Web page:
V for Vendetta:
This is my favorite movie of the year so far, for many reasons. It's more than just a comic book adapted for the big screen; it’s a movie that makes a big political statement that we can all relate to these days. Definitely a movie that was slept on, and I advise everyone to check it out if you haven't yet.

The Last King of Scotland: All I can say about this one is Forrest Whitaker is unbelievable, and although there are still plenty of good movies to come out, I hope Forrest wins for this role. He is truly one of the most underrated actors of our time.

Babel: This may be the most depressing movie I have ever seen, but also maybe one of the best. It’s simply breathtaking and almost leaves you speechless when it ends. I must warn you that this film isn’t easy to watch, but it’s definitely worth seeing.

Borat: All I have to say is, “very niiiiiiiiice, I like it.” This is by far the funniest movie of the year.

World Trade Center: Another important movie that I urge people to see. I was in tears, and although a lot of it is hard to watch, it’s quite an astonishing story.

The Prestige: I was a fan of The Illusionist until I saw this one. The twists in this movie are so much better executed, and the acting is amazing. I mean, you can’t go wrong with a cast of Hugh Jackman, Christian Bale, Scarlett and Michael Cain.

Little Children:
This movie is incredible in so many ways, including the unique way it was executed. Hard to describe, it’s one of those movies that just leaves you breathless.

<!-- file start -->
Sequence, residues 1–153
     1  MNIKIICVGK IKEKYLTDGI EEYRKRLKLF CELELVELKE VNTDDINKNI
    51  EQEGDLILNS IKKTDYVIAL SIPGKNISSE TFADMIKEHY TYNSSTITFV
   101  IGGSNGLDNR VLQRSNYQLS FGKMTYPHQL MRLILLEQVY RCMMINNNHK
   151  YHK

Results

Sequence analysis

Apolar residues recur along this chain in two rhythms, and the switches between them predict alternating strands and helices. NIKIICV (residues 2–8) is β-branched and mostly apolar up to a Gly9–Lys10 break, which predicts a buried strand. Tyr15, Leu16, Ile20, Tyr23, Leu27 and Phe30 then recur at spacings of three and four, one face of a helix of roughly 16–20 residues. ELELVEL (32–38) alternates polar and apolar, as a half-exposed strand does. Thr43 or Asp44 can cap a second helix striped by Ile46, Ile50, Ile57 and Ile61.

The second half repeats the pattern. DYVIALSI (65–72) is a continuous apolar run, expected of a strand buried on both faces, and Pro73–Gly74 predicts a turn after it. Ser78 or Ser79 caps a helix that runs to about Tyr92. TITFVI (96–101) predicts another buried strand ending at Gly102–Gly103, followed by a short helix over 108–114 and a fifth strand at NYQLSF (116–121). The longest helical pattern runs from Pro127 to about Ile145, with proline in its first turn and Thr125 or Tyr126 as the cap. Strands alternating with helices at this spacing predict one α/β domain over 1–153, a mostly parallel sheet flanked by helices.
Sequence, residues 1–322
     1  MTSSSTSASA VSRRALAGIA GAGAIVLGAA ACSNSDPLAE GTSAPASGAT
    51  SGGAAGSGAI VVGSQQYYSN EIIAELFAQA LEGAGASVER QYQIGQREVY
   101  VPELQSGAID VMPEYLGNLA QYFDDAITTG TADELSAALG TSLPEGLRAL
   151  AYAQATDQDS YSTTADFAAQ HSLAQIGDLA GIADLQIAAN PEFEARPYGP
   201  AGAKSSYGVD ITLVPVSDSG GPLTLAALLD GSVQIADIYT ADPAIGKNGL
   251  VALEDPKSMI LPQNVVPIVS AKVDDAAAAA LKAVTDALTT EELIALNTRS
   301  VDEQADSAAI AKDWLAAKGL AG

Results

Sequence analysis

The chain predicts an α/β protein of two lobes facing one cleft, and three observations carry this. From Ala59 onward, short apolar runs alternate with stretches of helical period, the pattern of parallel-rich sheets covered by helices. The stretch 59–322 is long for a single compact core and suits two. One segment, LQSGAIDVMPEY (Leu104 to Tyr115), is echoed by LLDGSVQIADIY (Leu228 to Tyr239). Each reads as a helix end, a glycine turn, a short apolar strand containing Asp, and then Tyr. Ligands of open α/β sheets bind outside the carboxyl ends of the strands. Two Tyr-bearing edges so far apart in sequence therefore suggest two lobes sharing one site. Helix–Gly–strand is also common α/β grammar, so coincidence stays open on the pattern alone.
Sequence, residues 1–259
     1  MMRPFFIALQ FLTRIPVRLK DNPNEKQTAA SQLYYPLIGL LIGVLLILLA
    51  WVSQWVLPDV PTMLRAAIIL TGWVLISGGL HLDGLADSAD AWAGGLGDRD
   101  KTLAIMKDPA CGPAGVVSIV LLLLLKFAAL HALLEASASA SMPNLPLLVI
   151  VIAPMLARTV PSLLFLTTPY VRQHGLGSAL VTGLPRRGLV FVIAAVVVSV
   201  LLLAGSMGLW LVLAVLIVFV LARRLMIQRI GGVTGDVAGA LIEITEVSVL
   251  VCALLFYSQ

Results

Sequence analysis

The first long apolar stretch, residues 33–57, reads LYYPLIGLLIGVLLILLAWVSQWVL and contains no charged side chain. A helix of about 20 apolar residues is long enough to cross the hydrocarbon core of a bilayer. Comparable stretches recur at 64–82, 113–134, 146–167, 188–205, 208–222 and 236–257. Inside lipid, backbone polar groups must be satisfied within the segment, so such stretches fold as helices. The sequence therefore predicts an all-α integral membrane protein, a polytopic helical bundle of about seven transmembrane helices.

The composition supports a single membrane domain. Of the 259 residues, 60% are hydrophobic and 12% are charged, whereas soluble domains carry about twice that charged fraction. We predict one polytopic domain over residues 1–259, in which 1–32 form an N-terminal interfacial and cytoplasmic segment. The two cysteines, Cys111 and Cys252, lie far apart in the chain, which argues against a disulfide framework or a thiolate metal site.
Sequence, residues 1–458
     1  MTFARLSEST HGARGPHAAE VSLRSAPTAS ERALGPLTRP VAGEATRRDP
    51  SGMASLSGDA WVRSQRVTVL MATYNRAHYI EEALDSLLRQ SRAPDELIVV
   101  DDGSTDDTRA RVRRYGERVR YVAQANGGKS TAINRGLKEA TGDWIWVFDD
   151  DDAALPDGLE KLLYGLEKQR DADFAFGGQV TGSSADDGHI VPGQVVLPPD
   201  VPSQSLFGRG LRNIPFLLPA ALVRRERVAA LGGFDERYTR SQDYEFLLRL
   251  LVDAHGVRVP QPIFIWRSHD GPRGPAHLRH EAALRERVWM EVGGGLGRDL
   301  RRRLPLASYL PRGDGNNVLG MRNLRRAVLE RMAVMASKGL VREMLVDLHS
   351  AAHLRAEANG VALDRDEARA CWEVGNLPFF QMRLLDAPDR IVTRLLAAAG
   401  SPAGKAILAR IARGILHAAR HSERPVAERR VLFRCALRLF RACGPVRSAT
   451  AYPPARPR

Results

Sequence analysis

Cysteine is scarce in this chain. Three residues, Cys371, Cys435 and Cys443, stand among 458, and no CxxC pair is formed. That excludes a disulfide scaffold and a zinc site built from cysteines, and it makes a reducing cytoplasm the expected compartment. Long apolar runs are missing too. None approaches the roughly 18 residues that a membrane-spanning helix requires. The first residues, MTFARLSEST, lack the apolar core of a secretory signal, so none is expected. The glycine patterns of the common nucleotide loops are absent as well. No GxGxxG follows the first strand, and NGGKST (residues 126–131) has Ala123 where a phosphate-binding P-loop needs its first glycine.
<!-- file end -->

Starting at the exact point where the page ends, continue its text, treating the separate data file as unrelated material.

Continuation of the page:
The Illusionist: Giamatti and Norton are truly brilliant.

X-Men III: The Last Stand: If this is the last one, it certainly satisfied my appetite. It had it all, including some incredible action sequences.

Pirates of the Caribbean: Simply awesome! Johnny Depp is brilliant, Bill Nighy is creepy, Keira Knightley is sexy and it has great special effects and nonstop action.

Mission Impossible III: OK, people are getting sick and tired of Tom Cruise, but if you can just get past him, this movie is actually really good. A lot of people are missing out because they’re so turned off by the star’s off-screen antics.

An Inconvenient Truth: The most important movie of the year. A must-see.

The Devil Wears Prada: Makes my list because Meryl Streep is truly brilliant, and if you haven’t seen it, or are on the edge about seeing it, go for her performance, if for nothing else.

Building a powerhouse. (9/28a)
How do you follow an Album of the Year winner? (9/28a)
Channeling the stars. (9/27a)
Who would've thunk it nine months ago? (9/27a)
Wild speculation with extra mustard (9/24a)
A chronicle of the inexplicable.
We make yet more predictions, which you are free to ignore.
2022 TOURS
May we all be vaxxed by then.
Power pop, global glam and the return of the loud.

 First Name

 Last Name


Captcha: (type the characters above)